Evaluation is yet again in the limelight as we hear and read how important it is, and how L&D teams aren't quite measuring up. Yes, there's a need for evaluation to get more aligned to performance measures and business KPIs; but actually, we think there's a slightly different issue afoot. And one that Kirkpatrick can't help you with. We need to stop evaluating courses, and start evaluating learning.
Start looking in all the right places
If you've read recent reports from Towards Maturity, CIPD, and Deloitte, you'll see the fresh focus on learning evaluation. It's ranked as highly important and a key priority for 97% of L&D teams. Yet, we hear over and over about the gap between what should be measured and what, historically, is measured by L&D teams. Reports lay out how the majority of evaluations still only scrape at surface level with reactionary learner reviews, and fail to dig deep into actual performance improvements.
This is certainly something that needs to be fixed; and you could argue that the whole of learning needs to get much more performance aligned, not just the measurement of it.
But actually, at its core, we think there's a whole different issue nibbling away.
A lot of discussions around evaluation and many of the traditional evaluation methods focus too much on the idea that you provide people with a piece of learning, and then evaluate it when it ends.
What's wrong with this?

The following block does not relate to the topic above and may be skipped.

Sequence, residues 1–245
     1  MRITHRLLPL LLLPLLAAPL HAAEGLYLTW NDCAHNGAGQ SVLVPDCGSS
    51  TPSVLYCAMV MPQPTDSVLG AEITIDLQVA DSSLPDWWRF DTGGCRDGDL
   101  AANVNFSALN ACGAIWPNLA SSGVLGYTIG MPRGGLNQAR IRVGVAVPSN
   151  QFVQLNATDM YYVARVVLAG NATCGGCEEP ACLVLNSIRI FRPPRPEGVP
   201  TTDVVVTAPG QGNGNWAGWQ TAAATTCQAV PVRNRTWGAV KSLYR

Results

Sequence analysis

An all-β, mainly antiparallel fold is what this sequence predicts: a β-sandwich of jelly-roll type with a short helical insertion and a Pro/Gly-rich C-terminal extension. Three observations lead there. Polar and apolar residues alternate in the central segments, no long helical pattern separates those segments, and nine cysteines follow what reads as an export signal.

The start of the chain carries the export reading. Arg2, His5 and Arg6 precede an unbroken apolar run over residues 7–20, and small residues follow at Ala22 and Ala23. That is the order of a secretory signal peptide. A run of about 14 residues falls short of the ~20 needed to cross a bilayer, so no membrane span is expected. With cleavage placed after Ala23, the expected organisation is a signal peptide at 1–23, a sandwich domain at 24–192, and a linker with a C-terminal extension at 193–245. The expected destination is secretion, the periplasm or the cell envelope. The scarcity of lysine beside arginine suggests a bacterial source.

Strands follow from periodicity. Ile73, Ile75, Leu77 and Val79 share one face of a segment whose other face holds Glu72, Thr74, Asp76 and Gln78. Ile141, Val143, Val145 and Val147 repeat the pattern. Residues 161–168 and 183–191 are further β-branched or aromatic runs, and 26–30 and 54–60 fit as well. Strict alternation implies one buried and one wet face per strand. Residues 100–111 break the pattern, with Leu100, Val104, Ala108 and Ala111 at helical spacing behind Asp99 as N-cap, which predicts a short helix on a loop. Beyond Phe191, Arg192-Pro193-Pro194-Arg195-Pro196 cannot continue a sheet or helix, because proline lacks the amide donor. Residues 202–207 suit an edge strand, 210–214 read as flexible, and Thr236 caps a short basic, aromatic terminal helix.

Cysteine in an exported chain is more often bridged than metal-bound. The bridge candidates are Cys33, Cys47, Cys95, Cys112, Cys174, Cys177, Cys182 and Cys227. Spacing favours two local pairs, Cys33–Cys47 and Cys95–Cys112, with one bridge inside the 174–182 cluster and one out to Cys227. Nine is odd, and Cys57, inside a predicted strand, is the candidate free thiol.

Fine if it's a course (although, back in the days of courses, we weren't brilliant at evaluating them in a meaningful way anyway!). But, learning just isn't like this. At least, not anymore.
The whole learning landscape has shifted; and if you only measure your tiny piece of learning, you're missing out on the real story. Chances are, the formal learning you've provided makes up less than 10% of how someone actually learnt to change their performance.
In the world where learners pull on what performance support they need, when they need it, and access content and support well beyond the realms of formal or L&D provisions, learning is much more evolutionary, constant, and out of our control.
To evaluate one piece or one course, at one point of time, is to take a slice, but miss out on the whole pie.
And now for some good news
First, evaluation doesn't have to be a big onerous undertaking that means that you spend the next year looking at spreadsheets. We don't believe you need to go to the nth degree nor make your eyeballs hurt. Especially not if we're suggesting you need to scan a much wider learning landscape.
Second, evaluation is your friend. It's not a foe out to get you, or an awkward aquaintance your boss is making you spend time with. It's a friend that shows you which way to go, and helps you decide what to try out next. But it needs commitment - a friend for life. You shouldn't pick it up and put it down whenever you want.
Third, we've put together a new evaluation framework and have client evaluation examples we can share to help explain a modern way to evaluate learning.
We'll be doing this in our webinar on Thursday 30th June.
Join myself, Nina Marie-Brebner, and Chris Robinson from Boost Evaluation, to find out some top tips and tales for making evaluation your friend, not foe, and shifting how we go about it all together.